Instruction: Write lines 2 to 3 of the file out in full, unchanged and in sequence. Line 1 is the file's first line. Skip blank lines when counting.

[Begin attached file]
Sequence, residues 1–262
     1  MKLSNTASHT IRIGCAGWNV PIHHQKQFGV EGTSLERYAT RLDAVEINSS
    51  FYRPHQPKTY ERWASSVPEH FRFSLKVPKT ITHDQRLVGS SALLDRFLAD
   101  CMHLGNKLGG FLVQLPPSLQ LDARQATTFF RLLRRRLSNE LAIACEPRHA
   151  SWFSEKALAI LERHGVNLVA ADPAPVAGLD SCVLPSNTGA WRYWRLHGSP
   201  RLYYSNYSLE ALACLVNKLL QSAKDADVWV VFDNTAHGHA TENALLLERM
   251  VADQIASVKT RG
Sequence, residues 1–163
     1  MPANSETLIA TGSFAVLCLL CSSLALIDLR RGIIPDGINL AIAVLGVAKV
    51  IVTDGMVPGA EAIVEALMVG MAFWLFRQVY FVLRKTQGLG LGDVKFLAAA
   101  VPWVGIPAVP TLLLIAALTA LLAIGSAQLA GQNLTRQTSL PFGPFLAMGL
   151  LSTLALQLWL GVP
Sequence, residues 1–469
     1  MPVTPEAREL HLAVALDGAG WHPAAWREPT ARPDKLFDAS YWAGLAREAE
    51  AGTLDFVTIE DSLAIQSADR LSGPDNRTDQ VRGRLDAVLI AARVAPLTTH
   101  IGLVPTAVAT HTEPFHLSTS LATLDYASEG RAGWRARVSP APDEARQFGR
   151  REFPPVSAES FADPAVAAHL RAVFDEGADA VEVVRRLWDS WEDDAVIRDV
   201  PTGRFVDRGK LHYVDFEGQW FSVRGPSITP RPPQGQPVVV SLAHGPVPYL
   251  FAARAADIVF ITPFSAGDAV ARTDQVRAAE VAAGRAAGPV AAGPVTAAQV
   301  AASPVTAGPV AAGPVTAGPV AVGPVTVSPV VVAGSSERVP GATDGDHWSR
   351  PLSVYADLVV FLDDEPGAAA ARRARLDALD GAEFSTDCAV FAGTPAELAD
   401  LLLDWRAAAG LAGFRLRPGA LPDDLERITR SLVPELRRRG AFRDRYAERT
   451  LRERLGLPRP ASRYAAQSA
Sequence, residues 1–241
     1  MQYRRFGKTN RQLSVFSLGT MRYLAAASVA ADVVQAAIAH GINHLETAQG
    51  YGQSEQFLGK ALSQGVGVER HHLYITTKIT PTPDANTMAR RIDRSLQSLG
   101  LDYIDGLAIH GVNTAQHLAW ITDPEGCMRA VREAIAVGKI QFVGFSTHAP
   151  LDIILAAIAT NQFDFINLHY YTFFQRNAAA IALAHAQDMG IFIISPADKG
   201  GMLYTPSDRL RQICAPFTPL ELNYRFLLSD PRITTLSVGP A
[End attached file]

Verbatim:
     1  MKLSNTASHT IRIGCAGWNV PIHHQKQFGV EGTSLERYAT RLDAVEINSS
    51  FYRPHQPKTY ERWASSVPEH FRFSLKVPKT ITHDQRLVGS SALLDRFLAD